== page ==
Wetlands to have a drink

By Country News

Up to 6Gl of water will top-up the Little Reedy Wetland Complex from mid-July.

North Central Catchment Management Authority says dry conditions have seen the health of the three semi-permanent wetlands near Gunbower decline, affecting inhabitants including threatened white-bellied sea eagles.

The wetlands are home to a range of animals, including fish, waterbirds, rakali, mammals, frogs, turtles and wetland plants.

‘‘Water is central to providing all that,’’ North Central CMA program delivery acting executive manager Rohan Hogan said.

‘‘Whether it’s helping to grow the flowers and seeds, rushes or reeds or small fish and waterbugs, the right amount of water at the right times means life for all different kinds of animals.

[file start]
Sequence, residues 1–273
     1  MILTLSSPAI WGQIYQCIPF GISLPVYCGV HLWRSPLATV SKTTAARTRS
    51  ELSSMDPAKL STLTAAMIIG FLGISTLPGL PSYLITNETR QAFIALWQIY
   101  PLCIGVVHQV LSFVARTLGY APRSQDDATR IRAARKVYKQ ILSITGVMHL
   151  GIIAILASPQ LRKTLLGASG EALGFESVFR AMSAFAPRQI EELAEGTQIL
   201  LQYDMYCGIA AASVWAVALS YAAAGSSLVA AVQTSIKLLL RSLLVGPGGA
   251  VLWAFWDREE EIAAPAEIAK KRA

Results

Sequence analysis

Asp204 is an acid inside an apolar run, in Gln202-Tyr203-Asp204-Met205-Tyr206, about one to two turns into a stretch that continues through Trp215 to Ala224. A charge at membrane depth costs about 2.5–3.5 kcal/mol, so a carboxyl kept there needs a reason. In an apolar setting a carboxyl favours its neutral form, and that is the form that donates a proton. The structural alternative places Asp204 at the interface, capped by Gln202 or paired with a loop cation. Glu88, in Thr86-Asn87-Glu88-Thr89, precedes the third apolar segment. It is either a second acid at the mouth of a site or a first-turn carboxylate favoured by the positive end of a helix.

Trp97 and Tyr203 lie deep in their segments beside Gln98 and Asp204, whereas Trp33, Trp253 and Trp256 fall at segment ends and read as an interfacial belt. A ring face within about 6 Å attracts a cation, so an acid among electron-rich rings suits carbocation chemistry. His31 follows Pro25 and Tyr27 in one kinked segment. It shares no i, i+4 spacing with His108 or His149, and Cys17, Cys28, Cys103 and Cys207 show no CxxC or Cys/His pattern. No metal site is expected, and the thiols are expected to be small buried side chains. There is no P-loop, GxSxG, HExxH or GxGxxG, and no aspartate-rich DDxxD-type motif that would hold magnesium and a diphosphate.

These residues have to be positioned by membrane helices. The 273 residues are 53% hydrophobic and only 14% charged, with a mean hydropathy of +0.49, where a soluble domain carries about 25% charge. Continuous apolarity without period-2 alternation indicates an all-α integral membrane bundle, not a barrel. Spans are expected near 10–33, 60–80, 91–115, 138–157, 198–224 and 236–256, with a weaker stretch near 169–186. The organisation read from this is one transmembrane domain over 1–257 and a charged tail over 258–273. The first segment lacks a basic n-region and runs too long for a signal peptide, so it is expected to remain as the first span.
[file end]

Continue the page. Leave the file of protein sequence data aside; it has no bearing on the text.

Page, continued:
‘‘The last thing any waterway needs is to become a monoculture.’’

Victorian Environmental Water Holder co-chief executive officer Beth Ashworth said the flows would coincide with the spring pulse in the Murray River.

‘‘We can’t water everything in a dry year and have to make careful choices about which parts of the environment we can look after,’’ Ms Ashworth said.

‘‘So we are focusing on our highly productive wetland habitats such as the Little Reedy Wetland Complex that support a large range of different ecological values.

‘‘With moderate rainfall over winter so far and carryover available for both irrigators and the environment, the top-up will provide an important drink for native plants and animals, especially the birds and small-bodied native fish.’’

Access to a handful of tracks around the Little Reedy Wetland Complex may be temporarily restricted over late winter and early spring due to water across access tracks.

However, the popular camping and fishing spots along Gunbower Creek and the Murray River will still be accessible, with the main two-wheel drive tracks remaining open.